Battery: Parasitic Drain

Checking an automotive fuse box.

Excessive parasitic drain eventually results in a no start condition. It’s only a matter of time. This is because excessive power is being drained from the battery during a key off situation. Most vehicle manufacturers specify a parasitic drain no greater than 30-50 milliamps. If a customer’s complaint involves a battery that dies overnight, look for something like a small light or device that has been accidentally left on. This is the most common reason for excessive battery drain. Find out if there has been any work done to the vehicle recently, like the installation of a new stereo/amplifier, alarm system, or such.

Interior lighting is often on a delay timer that when faulty leaves different interior lights on. Faulty alternator diodes can fail, draining the battery anytime it sits for a long time, like overnight. Anything that can be left on or may drain more current than it’s supposed to in a key off situation will result in excessive parasitic drain and a dead battery.

It may be necessary to perform a battery drain test. This test is necessary any time there is unnecessary or excessive key off drain. Many manufacturers recommend installing a test on/off switch in series between the negative post and the negative battery terminal. Older vehicles can be tested with a test light between the negative battery post and the negative battery terminal. Check with manufacturer's recommended procedures before testing.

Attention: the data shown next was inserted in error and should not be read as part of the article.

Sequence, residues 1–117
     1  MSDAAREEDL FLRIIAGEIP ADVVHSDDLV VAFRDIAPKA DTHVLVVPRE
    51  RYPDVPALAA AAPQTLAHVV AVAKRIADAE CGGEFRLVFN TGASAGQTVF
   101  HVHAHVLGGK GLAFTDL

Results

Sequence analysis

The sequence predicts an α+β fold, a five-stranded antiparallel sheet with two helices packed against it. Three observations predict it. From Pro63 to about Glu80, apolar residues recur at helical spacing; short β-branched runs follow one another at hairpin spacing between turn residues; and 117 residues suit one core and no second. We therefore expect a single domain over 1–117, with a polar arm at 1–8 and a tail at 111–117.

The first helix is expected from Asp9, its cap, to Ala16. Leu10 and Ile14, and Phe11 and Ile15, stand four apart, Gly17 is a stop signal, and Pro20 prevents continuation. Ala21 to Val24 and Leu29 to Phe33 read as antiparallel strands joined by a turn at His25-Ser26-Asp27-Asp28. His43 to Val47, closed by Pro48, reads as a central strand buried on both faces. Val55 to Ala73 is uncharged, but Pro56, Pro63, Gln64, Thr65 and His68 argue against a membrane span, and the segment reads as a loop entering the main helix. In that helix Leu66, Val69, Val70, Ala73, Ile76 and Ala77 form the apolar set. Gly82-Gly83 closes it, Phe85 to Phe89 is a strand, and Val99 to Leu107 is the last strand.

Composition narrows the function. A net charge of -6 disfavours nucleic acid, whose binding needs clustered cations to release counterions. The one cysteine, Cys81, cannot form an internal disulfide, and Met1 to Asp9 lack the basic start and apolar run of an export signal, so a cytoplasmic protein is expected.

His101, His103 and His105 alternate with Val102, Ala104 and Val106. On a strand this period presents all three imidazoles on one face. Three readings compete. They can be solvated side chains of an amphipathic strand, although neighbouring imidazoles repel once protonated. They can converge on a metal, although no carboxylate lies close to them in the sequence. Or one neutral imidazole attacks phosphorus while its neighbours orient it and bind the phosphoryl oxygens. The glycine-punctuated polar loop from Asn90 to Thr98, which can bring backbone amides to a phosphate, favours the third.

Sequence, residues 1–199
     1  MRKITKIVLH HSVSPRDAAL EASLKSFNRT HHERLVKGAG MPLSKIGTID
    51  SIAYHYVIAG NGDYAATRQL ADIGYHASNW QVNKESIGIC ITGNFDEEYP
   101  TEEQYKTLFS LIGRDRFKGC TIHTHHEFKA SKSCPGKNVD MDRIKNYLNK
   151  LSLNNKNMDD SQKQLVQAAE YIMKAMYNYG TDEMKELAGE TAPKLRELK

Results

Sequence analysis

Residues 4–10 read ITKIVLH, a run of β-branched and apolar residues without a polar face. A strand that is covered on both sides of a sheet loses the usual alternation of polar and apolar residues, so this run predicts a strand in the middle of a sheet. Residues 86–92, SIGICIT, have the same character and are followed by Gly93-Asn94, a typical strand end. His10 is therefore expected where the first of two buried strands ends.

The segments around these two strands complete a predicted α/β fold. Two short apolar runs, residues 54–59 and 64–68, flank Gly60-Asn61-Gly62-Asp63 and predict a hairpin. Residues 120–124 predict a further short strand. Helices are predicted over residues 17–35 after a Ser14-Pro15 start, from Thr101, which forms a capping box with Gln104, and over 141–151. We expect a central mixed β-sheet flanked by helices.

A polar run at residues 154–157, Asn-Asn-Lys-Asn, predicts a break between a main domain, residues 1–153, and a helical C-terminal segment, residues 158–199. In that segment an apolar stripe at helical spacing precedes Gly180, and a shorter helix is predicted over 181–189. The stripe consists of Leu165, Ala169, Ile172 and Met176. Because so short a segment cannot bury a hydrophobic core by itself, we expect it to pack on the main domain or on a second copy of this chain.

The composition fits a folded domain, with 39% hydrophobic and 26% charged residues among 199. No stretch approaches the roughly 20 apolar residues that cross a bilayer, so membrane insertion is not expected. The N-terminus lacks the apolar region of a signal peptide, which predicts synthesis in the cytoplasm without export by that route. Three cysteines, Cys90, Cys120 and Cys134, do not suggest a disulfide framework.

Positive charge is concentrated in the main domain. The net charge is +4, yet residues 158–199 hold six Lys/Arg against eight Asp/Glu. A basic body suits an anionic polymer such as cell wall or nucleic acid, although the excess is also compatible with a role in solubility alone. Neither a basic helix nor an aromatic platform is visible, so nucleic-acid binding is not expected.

Testing: Check for current only after the vehicle has been at rest for a recommended period of time. This is because some computers must enter sleep mode and certain components are supposed to shut down only after a preset period of time. Most manufacturers recommend using a special switch that’s connected in series between the negative post and the negative battery terminal. An ammeter/multimeter is connected in parallel with the switch and registers the parasitic drain when the switch is opened. The fuse box is located and fuses are removed and replaced to find the problem circuit. Use a diagram to find the component causing the drain. Use a multimeter, ammeter, or a test light with the proper impedance and look for a drop in current as each fuse is removed.